Article Text

Download PDFPDF

Plasma phenylalanine in patients with phenylketonuria self-managing their diet
  1. J Bekhof1,
  2. M van Rijn2,
  3. P J J Sauer2,
  4. E M Ten Vergert2,
  5. D-J Reijngoud2,
  6. F J van Spronsen2
  1. 1Isala klinieken, Locatie Sophia
  2. 2Groningen University, Netherlands
  1. Correspondence to:
    Dr F J van Spronsen
    Groningen University, Beatrix Children’s University Hospital, PO Box 30.001, Groningen 9700 RB, Netherlands;

Statistics from

Request Permissions

If you wish to reuse any or all of this article please use the link below which will take you to the Copyright Clearance Center’s RightsLink service. You will be able to get a quick price and instant permission to reuse the content in many different ways.

Dietary adherence in phenylketonuria (PKU)—measured by plasma phenylalanine (Phe) concentrations—is a major issue.1,2 In the so-called professionally steered situation, it was our practice to take all blood samples for measurement of Phe during patients’ hospital visits. Phe concentrations were interpreted by the paediatrician, and the dietician phoned patients/parents with dietary advice. Self-management has been suggested to improve dietary adherence.1 We report Phe concentrations during our first six months experiences with self-management in 48 PKU patients above 1 year of age.

During this period, patients decided frequency of blood sampling and sent samples (filter paper) to the laboratory by post. A nurse without knowledge of PKU phoned the results to patients/parents without interpretation/advice. Patients/parents decided independently regarding adjustments, but could phone the dietician for advice one day later. The clinical team received all blood test results weekly. When Phe concentrations were frequently deemed unsatisfactory, the dietician called the parent/patient. During hospital visits (table 1), Phe concentrations, patients’ adjustments, and use of protein substitute were evaluated.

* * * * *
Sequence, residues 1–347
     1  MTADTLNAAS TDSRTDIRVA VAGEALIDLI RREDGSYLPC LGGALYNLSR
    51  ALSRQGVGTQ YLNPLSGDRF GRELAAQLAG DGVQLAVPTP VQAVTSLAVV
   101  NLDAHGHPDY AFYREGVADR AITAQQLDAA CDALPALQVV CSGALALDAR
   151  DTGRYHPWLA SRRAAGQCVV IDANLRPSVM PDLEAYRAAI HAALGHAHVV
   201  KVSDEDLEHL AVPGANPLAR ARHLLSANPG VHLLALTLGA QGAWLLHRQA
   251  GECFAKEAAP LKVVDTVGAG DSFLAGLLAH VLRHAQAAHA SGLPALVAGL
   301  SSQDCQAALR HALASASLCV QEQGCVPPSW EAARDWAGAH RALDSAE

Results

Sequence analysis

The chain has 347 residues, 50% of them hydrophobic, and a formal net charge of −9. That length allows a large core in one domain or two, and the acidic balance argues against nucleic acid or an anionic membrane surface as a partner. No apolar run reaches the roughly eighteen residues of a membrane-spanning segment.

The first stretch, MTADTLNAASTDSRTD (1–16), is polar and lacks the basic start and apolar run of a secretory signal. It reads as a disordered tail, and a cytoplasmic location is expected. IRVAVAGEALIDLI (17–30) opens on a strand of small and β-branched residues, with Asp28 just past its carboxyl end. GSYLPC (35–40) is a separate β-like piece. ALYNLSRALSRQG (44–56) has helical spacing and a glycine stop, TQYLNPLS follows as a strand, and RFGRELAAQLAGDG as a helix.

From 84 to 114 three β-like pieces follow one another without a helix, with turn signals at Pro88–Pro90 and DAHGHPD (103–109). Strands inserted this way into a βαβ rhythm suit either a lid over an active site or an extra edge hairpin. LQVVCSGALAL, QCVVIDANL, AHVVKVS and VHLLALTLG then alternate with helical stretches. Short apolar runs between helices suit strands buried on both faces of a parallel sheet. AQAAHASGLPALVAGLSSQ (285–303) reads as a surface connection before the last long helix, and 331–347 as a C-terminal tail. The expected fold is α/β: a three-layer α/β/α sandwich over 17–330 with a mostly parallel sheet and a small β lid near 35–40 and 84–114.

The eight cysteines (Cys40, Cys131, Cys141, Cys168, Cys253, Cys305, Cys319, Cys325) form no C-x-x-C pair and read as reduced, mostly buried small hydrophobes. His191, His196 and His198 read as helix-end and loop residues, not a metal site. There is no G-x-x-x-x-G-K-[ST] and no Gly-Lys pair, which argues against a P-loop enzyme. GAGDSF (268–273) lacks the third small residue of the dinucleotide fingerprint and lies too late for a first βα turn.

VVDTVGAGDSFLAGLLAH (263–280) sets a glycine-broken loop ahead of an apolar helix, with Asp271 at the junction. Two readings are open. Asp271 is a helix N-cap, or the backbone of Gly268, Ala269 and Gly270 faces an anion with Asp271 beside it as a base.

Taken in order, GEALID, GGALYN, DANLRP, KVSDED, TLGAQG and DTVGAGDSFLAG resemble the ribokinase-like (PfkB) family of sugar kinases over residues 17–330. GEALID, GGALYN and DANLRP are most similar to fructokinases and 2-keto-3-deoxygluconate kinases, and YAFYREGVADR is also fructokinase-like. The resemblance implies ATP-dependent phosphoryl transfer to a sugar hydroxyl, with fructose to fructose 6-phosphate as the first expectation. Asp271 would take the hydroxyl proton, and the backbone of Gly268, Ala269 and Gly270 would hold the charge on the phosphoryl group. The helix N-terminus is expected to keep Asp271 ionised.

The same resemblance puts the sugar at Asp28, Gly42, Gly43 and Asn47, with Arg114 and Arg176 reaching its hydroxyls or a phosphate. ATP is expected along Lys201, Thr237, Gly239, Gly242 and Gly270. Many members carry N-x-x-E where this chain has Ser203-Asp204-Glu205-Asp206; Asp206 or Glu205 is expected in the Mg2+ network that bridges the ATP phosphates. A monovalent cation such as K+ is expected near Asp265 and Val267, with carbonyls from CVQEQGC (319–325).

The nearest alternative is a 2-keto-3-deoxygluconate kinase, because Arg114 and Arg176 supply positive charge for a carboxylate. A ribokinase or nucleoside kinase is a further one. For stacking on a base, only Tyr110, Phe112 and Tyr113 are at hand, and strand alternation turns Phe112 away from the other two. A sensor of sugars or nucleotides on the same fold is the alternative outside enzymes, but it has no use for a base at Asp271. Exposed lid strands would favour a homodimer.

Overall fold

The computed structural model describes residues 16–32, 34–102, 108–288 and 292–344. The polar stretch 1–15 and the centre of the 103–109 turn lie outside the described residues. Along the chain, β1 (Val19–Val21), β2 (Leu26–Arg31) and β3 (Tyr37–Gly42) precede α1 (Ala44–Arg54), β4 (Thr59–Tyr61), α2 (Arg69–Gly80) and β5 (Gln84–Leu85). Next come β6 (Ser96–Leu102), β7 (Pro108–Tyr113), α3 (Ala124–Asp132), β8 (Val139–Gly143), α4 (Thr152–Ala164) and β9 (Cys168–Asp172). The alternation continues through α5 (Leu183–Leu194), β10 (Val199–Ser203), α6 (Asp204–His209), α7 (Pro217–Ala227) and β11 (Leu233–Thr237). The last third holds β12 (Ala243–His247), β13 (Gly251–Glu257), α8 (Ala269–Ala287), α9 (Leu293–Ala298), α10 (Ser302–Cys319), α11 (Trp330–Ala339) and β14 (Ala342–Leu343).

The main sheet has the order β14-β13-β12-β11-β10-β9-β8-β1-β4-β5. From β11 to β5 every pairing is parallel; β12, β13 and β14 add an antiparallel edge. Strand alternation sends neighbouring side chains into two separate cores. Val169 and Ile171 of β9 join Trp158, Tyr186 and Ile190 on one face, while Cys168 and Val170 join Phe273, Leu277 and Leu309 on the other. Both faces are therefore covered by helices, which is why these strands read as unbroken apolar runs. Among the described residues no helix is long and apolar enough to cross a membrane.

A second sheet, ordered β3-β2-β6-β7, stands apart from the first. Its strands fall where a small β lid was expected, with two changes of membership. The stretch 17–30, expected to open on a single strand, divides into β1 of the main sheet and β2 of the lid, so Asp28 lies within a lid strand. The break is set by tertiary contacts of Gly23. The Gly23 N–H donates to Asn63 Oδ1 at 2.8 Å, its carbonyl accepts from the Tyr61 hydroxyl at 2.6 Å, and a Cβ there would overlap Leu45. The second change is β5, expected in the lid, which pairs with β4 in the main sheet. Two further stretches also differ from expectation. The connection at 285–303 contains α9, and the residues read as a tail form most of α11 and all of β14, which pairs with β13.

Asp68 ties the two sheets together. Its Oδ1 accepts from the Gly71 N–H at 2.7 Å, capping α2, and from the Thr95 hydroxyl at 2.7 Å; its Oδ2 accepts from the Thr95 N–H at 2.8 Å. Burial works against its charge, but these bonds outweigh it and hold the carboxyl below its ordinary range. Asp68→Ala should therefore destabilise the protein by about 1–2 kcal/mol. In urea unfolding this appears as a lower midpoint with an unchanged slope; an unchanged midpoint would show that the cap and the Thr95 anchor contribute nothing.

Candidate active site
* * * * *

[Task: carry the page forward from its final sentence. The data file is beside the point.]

Table 1

 Advised ranges for plasma Phe concentration and frequency for follow up

Self-management was introduced following 1–2 individual meetings of patients with staff, two group sessions, and provision of written information, including advice regarding frequency of blood sampling, appropriate Phe concentrations (adapted from the British recommendations3), and dietary adjustments (table 1). As this was a change in management policy rather than a research study, there was no control group. Therefore, results of six months self-management (456 samples in 48 patients) (Wilcoxon test) were compared with those obtained over three years beforehand (1152 samples in 48 patients).

During self-management, most patients took blood samples according to the recommended frequency. The Phe intake changed in 10 patients (mean change 2.3%, SD 5.7%). The largest differences in intake were 32% and 16% of the total Phe daily given in mg/day, observed in two patients with changes in growth velocity during puberty.

Parents and professionals adjusted the diet in a comparable way. The dietician was phoned by families once or twice a week, while she phoned them twice a month. In patients aged 1–4 years and 11–15 years the Phe concentrations rose (table 2). The median proportion of samples within the advised range remained comparable, largely because of the decrease in frequency of Phe concentrations below the target range.

Table 2

 Plasma phenylalanine concentration and proportion of samples with plasma phenylalanine above the recommended range in the situation steered by professionals and self-management

Various explanations can be given for the increase in Phe concentrations during self-management, including the normal rise with age,2 increased frequency of blood sampling, a tendency for patients to attempt a dietary intake compatible with Phe concentrations just below the advised upper limit, and sampling after an overnight fast rather than later in the day during the professionally steered situation.

The question whether this rise in Phe concentrations is important is hard to answer. The mean of the medians in 1–4 year old patients rose from 214 to 327 μmol/l, but remained lower than most reported experiences.2 Younger patients are more vulnerable to higher Phe concentrations, but the importance of variable time periods of Phe concentrations far below 360 μmol/l below 10 years of age is uncertain.4–,6

In conclusion, this first study on the effect of self-management on plasma Phe concentrations in PKU has shown that self-management is a viable option, but further investigation of the effects and safety is warranted.


The authors wish to thank Theo van Dijk for establishing a method to measure the phenylalanine concentration in blood spots.



  • Competing interests: none declared